To prevent magnetic interference during sEMG measurements, the device was positioned at a distance of at least 4 m from cell phones or other potential sources of interference. The test was conducted using 2 unipolar electrodes, which were placed 10 mm apart. The electrodes were positioned over the center of the muscle body, parallel to the path of its fibers. The lower electrode was approx. 5 mm above the mandibular angle, while the upper electrode was 10 mm above it. The placement of the electrodes was preceded by careful palpation of each muscle by an experienced clinician to identify the thickest part of the muscle body. The bioelectrical signals of the MAS were acquired while the subject was seated upright with the head in a natural position, hands resting on the knees, and feet on the ground. Before the application of the electrodes, the skin was cleaned with rubbing alcohol, following the manufacturer’s recommendations and Surface ElectroMyoGraphy for the Non-Invasive Assessment of Muscles (SENIAM) guidelines (www.seniam.org). The ground electrode was placed on top of the C7 styloid process in the cervical section. This area is usually devoid of vastly active muscle fibers and is considered the optimal location for ground electrode placement in the orofacial region. This placement prevents cross-talk from muscles and electrodes that are not relevant to the examiner.

Electrical activity of the masseter muscle at rest

A rest test (RLX) was conducted on patients, with their dental arches slightly open and their tongues in a resting position.41 Patients were instructed not to swallow saliva during the examination. Three measurements were taken 3 times, and the mean value was calculated.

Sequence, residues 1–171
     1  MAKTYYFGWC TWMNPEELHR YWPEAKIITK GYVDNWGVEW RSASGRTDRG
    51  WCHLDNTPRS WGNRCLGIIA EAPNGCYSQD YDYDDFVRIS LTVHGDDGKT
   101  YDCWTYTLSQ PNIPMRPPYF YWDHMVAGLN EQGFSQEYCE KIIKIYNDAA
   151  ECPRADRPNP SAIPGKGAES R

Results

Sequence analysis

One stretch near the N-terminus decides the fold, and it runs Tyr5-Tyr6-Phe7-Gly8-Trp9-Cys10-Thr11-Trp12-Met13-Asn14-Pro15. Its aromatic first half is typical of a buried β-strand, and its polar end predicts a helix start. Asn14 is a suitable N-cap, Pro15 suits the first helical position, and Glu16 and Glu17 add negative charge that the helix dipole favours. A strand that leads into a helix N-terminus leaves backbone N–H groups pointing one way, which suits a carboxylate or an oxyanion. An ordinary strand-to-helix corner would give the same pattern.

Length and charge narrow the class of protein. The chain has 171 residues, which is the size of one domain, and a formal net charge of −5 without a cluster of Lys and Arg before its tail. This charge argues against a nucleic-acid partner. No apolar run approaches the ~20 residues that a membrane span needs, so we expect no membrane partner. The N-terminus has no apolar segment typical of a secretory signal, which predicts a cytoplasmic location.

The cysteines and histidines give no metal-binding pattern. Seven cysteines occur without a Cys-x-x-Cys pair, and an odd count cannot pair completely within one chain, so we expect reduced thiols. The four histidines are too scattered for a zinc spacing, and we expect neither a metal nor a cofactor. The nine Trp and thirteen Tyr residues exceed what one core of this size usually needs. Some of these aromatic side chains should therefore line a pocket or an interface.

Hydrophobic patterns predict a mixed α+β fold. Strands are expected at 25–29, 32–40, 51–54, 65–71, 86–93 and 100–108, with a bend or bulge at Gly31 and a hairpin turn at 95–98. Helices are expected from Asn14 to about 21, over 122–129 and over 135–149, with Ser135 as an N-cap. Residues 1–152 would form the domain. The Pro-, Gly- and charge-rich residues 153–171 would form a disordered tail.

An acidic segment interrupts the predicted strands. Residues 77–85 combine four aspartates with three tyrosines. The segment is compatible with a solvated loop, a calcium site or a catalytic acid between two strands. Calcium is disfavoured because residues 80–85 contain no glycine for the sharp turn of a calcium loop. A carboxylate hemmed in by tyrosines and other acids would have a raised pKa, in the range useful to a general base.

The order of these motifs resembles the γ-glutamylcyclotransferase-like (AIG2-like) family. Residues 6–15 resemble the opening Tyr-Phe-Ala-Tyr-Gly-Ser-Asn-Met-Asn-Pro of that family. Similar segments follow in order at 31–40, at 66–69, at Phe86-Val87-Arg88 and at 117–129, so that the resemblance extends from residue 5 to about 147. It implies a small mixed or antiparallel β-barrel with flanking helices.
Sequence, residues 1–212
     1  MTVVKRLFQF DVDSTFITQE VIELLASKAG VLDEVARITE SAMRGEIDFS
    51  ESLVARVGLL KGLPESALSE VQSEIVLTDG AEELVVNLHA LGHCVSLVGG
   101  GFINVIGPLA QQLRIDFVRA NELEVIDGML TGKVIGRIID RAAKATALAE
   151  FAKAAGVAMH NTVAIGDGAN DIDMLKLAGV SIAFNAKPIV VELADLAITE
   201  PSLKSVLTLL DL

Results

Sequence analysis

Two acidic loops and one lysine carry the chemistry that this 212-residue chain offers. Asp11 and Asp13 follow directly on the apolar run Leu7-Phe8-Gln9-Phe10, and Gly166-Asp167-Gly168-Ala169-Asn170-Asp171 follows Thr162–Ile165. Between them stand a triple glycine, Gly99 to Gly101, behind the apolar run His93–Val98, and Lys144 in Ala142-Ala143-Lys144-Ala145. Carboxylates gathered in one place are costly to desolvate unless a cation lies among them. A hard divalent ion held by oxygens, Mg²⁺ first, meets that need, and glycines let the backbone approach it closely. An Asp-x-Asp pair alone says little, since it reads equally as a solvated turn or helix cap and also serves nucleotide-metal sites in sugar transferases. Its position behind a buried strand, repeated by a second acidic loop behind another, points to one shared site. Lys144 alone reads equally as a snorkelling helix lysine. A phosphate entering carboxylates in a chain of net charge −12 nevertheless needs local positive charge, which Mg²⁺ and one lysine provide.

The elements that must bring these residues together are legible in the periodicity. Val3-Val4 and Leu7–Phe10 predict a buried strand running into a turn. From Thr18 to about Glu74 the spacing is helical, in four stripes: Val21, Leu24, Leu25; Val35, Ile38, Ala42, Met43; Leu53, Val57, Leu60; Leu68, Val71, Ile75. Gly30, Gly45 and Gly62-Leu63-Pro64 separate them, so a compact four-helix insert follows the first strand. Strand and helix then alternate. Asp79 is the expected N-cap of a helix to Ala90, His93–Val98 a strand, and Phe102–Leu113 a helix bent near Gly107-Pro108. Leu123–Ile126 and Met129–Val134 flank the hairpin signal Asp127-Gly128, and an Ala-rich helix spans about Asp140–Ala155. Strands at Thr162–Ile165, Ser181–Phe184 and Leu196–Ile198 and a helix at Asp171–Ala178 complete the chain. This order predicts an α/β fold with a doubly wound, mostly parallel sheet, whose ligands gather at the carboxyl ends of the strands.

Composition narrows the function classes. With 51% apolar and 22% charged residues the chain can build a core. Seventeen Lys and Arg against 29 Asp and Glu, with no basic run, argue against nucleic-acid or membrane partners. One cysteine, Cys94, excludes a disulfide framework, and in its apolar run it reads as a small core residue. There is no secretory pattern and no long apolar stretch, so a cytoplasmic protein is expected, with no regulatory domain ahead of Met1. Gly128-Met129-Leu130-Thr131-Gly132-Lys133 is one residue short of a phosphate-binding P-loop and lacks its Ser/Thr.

Bioelectrical activity of the masseter muscle during maximal voluntary contraction

The sEMG signal was recorded in a sitting position with the teeth clenched with the greatest possible force for 5 s. The computer program connected to the device registered the minimum and maximum values and calculated the mean electric potentials, which, in conjunction with signal standardization, are considered essential for providing repeatable and unbiased electric signal acqui­sition.41 Three measurements were taken, each recorded 3 times, and the mean value was calculated. The sEMG values were normalized by calculating the ratio of RLX to maximal voluntary contraction (MVC) using the follow­ing formula (Equation 1)42:

Secondary outcome measures

Perceived Stress Scale 

Perceived stress levels were assessed in the KTG and CG during the preliminary examination and after the 12th day of therapy. The examination used the standard paper-and-pencil method, with the patient seated at a table and no individuals in their immediate vicinity to avoid any influence on the responses. The study was conducted in a moderately dampened room with a pre-set air temperature of 22°C and without any time constraints.